Executive director of the Caribbean Public Health Agency (CARPHA) Dr Joy St John believes that every person in the Caribbean has a 50 per cent chance of contracting COVID-19.
Speaking yesterday during a virtual press conference on the coronavirus pandemic, St John was asked to comment on the use of nationwide shutdowns and in some Caribbean countries, a curfew, in the war against COVID-19.
She said such action was necessary based on spread patterns in early-affected countries.
She said each person now stood a 50 per cent chance of getting infected and the illness has so far presented in two ways.
Around 80 per cent of people who contracted COVID-19 would be able to withstand it with mild symptoms.
But 20 per cent—especially seniors and the chronically ill—would have to be hospitalised and some patients would die, she said.
And as concerns rise over the global availability of testing kits for COVID-19, another CARPHA official said the agency was equipped with at least three weeks’ worth of a reagent component in the two-part testing system and has in place a pre-order and is actively seeking a supply.
CARPHA Assistant Director of Surveillance, Disease Prevention and Control Dr Lisa Indar said yesterday the agency has projected that it has a three-week supply of the reagent needed for PCR (polymerase chain reaction) testing of the virus, which comprises an extraction and then amplification process.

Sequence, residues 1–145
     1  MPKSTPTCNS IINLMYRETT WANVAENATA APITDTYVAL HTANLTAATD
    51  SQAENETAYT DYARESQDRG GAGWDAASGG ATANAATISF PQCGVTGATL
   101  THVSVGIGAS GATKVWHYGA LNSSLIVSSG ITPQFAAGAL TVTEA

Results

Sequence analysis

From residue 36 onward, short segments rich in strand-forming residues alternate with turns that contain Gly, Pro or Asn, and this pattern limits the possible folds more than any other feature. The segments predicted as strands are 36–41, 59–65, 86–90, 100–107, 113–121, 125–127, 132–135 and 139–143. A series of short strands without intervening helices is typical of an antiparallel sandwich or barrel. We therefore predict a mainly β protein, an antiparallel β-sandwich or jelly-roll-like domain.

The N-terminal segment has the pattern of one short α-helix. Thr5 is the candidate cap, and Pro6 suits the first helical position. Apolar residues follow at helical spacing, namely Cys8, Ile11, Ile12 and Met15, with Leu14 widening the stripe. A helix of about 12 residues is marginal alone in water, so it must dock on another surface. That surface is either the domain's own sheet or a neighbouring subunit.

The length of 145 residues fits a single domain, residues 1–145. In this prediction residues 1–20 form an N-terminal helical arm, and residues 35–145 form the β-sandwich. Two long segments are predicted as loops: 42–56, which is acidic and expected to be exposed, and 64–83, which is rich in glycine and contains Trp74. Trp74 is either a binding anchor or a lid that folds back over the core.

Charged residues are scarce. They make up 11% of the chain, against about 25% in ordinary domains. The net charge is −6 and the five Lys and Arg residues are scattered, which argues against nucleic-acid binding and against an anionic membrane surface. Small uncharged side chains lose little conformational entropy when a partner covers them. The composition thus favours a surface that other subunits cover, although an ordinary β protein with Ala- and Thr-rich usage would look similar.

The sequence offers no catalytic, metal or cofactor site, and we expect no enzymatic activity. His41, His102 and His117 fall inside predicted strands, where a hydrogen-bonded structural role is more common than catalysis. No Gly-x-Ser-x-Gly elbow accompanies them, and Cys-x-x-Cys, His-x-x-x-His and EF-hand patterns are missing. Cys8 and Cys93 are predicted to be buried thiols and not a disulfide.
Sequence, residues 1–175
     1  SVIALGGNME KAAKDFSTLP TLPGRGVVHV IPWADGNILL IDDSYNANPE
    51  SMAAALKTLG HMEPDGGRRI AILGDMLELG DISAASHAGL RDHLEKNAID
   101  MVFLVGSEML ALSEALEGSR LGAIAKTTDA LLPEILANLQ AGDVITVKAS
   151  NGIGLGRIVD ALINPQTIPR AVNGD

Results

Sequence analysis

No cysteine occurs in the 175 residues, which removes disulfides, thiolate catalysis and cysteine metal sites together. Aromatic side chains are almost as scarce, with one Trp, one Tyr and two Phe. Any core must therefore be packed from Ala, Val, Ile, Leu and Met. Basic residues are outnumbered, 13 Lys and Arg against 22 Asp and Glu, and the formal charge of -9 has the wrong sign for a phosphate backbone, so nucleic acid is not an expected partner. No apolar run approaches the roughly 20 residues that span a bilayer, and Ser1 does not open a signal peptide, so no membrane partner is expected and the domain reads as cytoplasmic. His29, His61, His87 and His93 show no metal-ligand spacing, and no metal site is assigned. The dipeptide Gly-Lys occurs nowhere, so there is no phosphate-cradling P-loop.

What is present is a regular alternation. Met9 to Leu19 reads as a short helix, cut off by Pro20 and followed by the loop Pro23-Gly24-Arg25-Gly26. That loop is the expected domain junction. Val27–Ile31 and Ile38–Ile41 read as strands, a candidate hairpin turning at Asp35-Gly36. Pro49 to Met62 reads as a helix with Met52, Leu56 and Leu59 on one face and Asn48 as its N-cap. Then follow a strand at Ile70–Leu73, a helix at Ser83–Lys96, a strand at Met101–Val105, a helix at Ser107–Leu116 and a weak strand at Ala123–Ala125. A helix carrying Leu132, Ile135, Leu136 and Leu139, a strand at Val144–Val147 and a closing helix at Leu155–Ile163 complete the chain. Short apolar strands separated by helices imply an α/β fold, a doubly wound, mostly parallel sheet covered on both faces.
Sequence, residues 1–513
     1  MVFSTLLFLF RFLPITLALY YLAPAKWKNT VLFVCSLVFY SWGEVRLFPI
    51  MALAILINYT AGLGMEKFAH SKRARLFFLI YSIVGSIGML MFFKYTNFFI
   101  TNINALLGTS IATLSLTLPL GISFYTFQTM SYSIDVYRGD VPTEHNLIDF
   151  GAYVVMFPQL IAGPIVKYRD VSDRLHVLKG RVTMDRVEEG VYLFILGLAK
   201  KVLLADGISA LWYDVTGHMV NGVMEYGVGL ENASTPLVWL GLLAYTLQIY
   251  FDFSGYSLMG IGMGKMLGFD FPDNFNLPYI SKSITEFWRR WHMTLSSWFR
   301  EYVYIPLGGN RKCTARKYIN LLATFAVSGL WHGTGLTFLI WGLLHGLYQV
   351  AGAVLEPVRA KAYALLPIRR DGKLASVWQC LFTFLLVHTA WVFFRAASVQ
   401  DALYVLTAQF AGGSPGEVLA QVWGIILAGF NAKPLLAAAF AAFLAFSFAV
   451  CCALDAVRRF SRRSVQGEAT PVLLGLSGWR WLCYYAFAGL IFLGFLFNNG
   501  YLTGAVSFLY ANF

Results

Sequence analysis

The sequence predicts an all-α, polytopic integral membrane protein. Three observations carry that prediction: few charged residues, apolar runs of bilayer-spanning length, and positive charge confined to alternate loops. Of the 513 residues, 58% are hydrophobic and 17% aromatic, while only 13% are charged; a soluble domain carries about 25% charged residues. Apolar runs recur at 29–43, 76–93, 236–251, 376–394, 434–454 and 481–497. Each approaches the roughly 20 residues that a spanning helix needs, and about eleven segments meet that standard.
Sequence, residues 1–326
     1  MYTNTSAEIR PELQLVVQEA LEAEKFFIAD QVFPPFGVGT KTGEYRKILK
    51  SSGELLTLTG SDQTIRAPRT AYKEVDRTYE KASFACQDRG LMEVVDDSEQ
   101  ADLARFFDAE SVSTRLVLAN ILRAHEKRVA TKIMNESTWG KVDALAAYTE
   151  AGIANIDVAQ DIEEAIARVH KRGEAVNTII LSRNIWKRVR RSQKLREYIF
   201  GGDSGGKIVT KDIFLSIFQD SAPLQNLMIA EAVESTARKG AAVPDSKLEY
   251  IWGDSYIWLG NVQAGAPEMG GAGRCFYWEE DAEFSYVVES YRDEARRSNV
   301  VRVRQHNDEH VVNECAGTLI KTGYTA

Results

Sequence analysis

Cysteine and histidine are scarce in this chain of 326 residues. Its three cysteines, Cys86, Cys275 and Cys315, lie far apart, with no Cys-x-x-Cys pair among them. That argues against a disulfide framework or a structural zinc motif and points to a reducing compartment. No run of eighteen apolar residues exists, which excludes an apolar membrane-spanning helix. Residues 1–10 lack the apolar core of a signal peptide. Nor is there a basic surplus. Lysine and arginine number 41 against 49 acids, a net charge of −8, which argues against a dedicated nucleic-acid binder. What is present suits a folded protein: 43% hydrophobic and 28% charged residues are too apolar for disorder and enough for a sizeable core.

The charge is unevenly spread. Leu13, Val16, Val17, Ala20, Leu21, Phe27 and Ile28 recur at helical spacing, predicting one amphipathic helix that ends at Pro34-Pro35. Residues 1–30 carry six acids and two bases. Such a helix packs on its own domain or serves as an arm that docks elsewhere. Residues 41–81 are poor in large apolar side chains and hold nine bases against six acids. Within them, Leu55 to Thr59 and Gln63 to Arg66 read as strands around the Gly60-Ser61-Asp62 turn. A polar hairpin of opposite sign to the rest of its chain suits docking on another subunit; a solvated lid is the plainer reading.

The PCR test is the only method shown to so far have a 100 per cent determination rate in both areas, as compared to the serology test being offered by some institutions and which is not recognised by the World Health Organisation (WHO).
St John reiterated that the agency remains the only authorised facility to accurately test for COVID-19.
In a question and answer session with reporters, Indar said CARPHA’s modelling was done on the assumption that one per cent of the Caribbean population would be impacted by the pandemic and it was preparing to be able to conduct 20,000 tests.
Indar acknowledged that there currently existed a blip in the trade supply chain and that testing components were in demand but said the three-week supply at CARPHA provided a “buffer”, while the agency actively sought a supply.
She said the wait time could be more than three weeks but the agency has been given an assurance that “we are likely to receive it”.
Indar said the agency took a proactive role in January and pre-ordered supplies and testing media, which would normally have come to it by now if not for a global shortage.
St John reiterated that CARPHA does not issue test results to patients or individuals but to designated public health agencies and called on people and physicians to “refrain from calling CARPHA” for results.
This was not a matter of violating a patient’s rights but of ensuring that results do not end up anywhere they ought not to, as this would be a violation of ethics on CARPHA’s behalf.
Costs to testing
St John said all samples that meet the WHO guidelines used by CARPHA are tested and those which do not are rejected, with 929 regional tests and 553 from Trinidad and Tobago having been done from February 10 to March 31.
The WHO guidelines used by CARPHA are available on the agency’s website and note that samples will not be tested after ten days, as this results in a decline of the viral load needed to determine whether a sample is positive.
Samples are only accepted from designated public health departments of the 18 member countries and a sample will be rejected if it is not properly packaged.
Tests are conducted at a cost of US$250 each and CARPHA has carried out US$228,000 worth of testing done to date.
In response to a query as to whether CARPHA had misplaced samples or mixed up results, Indar said that she could say with certainty this has not happened and all samples going to the agency, whether tested or rejected, have been accounted for.